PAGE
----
Monday, November 11, 2013

Elephant Elevators

Cominco Fertilizers Elephant Brand bulk fertilizers were sold to farmers from unique turquoise-coloured elevators that dotted Manitoba. These elevators consisted of an elevating leg and bins with a covered truck-loading pipe. (So though the title is Elephant Elevators, this post has little to do with perpendicularly positioning a pachyderm.) Often, but not always sited on town elevator tracks beside larger grain elevators, these green gems were often found at multi-elevator shipping points served by CP,  one-time owner of Cominco. MacGregor (above and below).
Manitoba locations that hosted Elephants (*photos included in this post/ **still standing):
Altona, Arborg, Brunkild*, Hamiota, MacGregor*, McTavish**, Minto, Niverville**, Oakville*, Portage la Prairie*, Waskada, Westbourne*.
Some locations included covered storage sheds or Quonset huts, such as Munro Farm Supplies served by CP in Portage la Prairie (above and two below in 1980-81, other photos in this post taken in 1984)

Some 'double' elevators were actually enlarged versions of the single Elephant elevator, with a truck loading bay, such as Oakville. The competition, Engro, was set up right next door.
Notice the elevating machinery at rear of Oakville's Elephant elevator. Carloads of ties from CN's P-811 tie machine were stored here in 1984, along with a CN speeder:
Westbourne's plant (three photos below) was also operated by Munro Farm Supplies. Munro Shur-gro now operates several fertilizer locations in Manitoba.
For modelling purposes: notice the signage on the elevators, including the Elephant logo and sometimes the name of the operating agency. Radio antennae and lightning rods sometimes surmounted them. A wide variety of vehicles were usually scattered around: tank trucks, hopper trucks, trailers, pickup trucks, tractors and augers. Coverall-wearing figures should also be working or lounging.
Scribed styrene can be used for siding and roof, with Penn Central-like turquoise paint in fresh or faded shades, all atop a poured concrete floor. My HO scale model served for many years, but did not survive the transition from Prairie to Vancouver modelling intact!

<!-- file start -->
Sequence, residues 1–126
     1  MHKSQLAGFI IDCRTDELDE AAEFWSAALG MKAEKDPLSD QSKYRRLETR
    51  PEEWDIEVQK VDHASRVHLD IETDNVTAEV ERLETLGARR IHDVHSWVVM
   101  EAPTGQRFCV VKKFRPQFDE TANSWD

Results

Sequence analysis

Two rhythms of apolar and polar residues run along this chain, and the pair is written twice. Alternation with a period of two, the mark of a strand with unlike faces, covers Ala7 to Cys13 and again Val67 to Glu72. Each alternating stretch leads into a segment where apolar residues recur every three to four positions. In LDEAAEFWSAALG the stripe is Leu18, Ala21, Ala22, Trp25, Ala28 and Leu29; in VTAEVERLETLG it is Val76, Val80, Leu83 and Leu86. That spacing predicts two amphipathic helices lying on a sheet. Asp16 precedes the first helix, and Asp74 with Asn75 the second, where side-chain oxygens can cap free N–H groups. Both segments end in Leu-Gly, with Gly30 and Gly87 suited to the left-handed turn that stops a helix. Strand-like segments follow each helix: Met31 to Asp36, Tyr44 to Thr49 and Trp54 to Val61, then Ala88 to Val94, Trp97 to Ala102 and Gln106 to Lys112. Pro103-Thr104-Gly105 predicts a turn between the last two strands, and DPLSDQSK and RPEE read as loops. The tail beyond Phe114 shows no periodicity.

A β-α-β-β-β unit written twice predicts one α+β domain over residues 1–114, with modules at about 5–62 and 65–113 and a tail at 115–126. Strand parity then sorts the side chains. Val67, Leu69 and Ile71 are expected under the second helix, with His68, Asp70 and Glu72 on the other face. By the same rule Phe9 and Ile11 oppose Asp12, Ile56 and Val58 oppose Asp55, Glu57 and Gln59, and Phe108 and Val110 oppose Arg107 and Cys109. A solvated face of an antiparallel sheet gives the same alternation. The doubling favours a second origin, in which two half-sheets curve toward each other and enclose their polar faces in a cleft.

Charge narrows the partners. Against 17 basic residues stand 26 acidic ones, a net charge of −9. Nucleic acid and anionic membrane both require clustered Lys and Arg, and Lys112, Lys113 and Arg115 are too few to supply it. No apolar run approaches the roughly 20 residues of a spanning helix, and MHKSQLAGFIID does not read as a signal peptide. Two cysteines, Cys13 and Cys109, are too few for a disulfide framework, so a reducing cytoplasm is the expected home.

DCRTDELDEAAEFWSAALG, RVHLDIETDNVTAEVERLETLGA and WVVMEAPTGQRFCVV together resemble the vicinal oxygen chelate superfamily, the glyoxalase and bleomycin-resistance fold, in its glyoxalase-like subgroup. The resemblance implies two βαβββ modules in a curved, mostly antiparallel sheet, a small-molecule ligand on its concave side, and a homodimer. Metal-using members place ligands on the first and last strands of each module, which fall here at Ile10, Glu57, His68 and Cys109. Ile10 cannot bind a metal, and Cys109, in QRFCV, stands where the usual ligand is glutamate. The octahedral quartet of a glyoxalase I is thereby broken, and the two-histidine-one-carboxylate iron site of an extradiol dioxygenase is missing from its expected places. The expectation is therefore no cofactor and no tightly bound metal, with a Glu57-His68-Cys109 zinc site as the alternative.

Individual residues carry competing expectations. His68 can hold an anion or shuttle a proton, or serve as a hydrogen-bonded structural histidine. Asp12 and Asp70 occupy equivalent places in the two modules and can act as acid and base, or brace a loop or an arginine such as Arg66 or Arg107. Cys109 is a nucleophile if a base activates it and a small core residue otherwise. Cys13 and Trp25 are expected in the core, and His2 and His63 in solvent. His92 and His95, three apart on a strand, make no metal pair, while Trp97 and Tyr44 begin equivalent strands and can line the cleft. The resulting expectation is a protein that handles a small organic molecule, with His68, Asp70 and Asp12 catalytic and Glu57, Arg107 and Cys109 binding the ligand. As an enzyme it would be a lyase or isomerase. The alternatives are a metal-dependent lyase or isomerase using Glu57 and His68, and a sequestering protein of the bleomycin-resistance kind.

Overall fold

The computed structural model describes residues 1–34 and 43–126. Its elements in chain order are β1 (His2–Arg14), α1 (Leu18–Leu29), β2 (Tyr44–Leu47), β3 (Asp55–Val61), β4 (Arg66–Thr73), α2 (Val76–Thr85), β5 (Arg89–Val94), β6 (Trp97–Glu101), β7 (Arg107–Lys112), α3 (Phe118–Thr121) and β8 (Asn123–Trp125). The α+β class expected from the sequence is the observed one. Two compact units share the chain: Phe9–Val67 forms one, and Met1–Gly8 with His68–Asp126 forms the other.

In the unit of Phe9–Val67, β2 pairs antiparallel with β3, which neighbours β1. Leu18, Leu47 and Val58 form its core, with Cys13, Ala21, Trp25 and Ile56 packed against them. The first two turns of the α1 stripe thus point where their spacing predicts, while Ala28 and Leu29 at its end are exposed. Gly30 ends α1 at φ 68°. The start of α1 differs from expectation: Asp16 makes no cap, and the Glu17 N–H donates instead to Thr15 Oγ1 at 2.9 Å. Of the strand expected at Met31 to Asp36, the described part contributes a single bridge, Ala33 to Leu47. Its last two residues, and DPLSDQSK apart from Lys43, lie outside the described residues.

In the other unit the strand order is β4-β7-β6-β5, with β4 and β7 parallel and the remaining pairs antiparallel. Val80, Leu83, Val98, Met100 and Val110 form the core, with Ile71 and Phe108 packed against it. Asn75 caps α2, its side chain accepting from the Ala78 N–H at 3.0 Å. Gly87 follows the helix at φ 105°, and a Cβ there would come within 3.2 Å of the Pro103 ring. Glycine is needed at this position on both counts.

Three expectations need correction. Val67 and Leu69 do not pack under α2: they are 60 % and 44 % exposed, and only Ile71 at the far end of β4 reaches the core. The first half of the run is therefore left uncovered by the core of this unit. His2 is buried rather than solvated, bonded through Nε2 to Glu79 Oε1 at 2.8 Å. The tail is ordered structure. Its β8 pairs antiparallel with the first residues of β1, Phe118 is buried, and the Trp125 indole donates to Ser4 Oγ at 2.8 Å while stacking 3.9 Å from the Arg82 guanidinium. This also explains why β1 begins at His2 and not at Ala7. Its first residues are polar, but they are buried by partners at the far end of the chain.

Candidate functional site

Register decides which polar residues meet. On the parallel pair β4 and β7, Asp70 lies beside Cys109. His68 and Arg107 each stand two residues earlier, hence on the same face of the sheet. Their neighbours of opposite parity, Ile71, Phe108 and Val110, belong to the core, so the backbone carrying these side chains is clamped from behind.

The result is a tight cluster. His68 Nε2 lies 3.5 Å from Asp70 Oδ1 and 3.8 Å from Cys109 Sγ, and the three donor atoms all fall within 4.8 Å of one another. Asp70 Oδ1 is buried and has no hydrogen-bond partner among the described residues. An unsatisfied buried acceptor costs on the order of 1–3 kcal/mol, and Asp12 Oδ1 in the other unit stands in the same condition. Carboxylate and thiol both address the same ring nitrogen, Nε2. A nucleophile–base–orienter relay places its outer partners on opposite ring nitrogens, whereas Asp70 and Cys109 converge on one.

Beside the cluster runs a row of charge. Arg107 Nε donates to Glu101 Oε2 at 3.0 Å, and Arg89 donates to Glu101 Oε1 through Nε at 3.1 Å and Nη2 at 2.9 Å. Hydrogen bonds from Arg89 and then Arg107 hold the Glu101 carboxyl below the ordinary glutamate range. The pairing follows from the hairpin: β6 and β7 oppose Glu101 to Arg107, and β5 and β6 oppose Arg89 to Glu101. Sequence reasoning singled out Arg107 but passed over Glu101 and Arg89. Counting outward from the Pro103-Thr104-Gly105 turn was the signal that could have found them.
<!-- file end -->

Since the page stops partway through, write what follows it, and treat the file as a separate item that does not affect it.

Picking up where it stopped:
Randy O'Brien kindly sent an updated photo of the Brunkild location which I'd earlier included in a post on modelling the built environment of the Prairies. Now operated by Golden Plains Agro Inc. the double elevator was in disrepair when he photographed it in 2008. The Prairie winds had done some damage:
These Elephant elevators would be compact, colourful, easy-to-model additions to any Prairie layout's elevator track. With a relatively small footprint, Elephants could be placed against a backdrop, or even in the foreground of a narrow shelf layout. Here are some logos from print advertisements, plus my own humble hand-drawn, now faded facsimile (top middle of scan):
Here's an Elephant fertilizer vintage magazine ad from 1963:
Munro Shur-gro still has an Elephant elevator at one of its locations: Westbourne. (Munro Shur-gro website photos) Westbourne's Elephant Brand sign has Agrium lettering along its top:
MacGregor's Elephant elevator was still standing in 2009 (below), though it's now been replaced by a modern, six-tank facility.
UPDATE: Other Elephants are stampeding in...Elijah noted Rosetown SK in his comment. Jason Sailer from Lethbridge provided a link to Jim Pearson's Vanishing Alberta site. Instantly, on Jim's Feed and Seed page, I found Elephant elevators in Bentley, High River, Standard, and Three Hills; Pincher Creek's still stands. Randy O'Brien added Moose Jaw and Rosetown SK, Carman and Souris MB. There's also Carnduff, SK. 

OTHER ELEPHANT ELEVATORS: once stood in Beiseker, AB

Here's one of Randy's photos of Eatonia SK, taken in 2009. This is a slightly different design, without the cupola, but with combined signage:
Running extra...

Why so many yogurt commercials? It's mostly (if not all) Greek to me. How did we survive without it for so long? This incredibly healthful, pro-biotic gooey substance is one floor up from tofu, but it seems to have snafu'd many consumer dollars, not to mention advertising dollars. Well, at least it provides us with some culture. Speaking of health promotion, watch out for this (click to enlarge):
Yo, go Business Class! VIA has just instituted its new meal service in the 3400's - appetizer and entree together. Dessert and buns smaller, and sometimes no hot towels or napkins. Read a couple of recent reports in my Fast Food and Trains blog in the right sidebar. Thanks to Sean for the advance scouting reports, complete with near-Swiss-timing annotations. A more dedicated professional correspondent there may not be.

It's fall, and a recent Jim Parker photo in my Inbox showed a classic New England image - Delaware & Hudson U-boat 709 with leaves stuck in the rear air intakes after a few trips through an Appalachian autumn:


Zartok-35 said...

They have one of these in Rosetown, or atleast an elevator that looks very similar. I know it had an Elephant painted on the side of it at one point. It's interesting, because Rosetown isn't really a CP town, especially nowadays. I know you went through there in the 1980s, perhaps you've seen it yourself?

Thanks for another detailed post about rural industries, Mr. Gagnon. This really is fascinating information!

Eric said...

Thanks for your kind comments, Elijah. I have always been interested in not only the big ol' grain elevators but also the other lineside industries along western Canada's CN and CP lines.

That's just my working theory about the CP/Cominco/Elephant linkage. Some of the Elephant towns were definitely CN. I don't remember seeing that elevator during my Rosetown visit. I viewed it on Googlemaps street view and it does indeed look like one, albeit a large, interesting facility.

I was hoping this post might encourage readers to send in word of current or former Elephants, and you did not disappoint!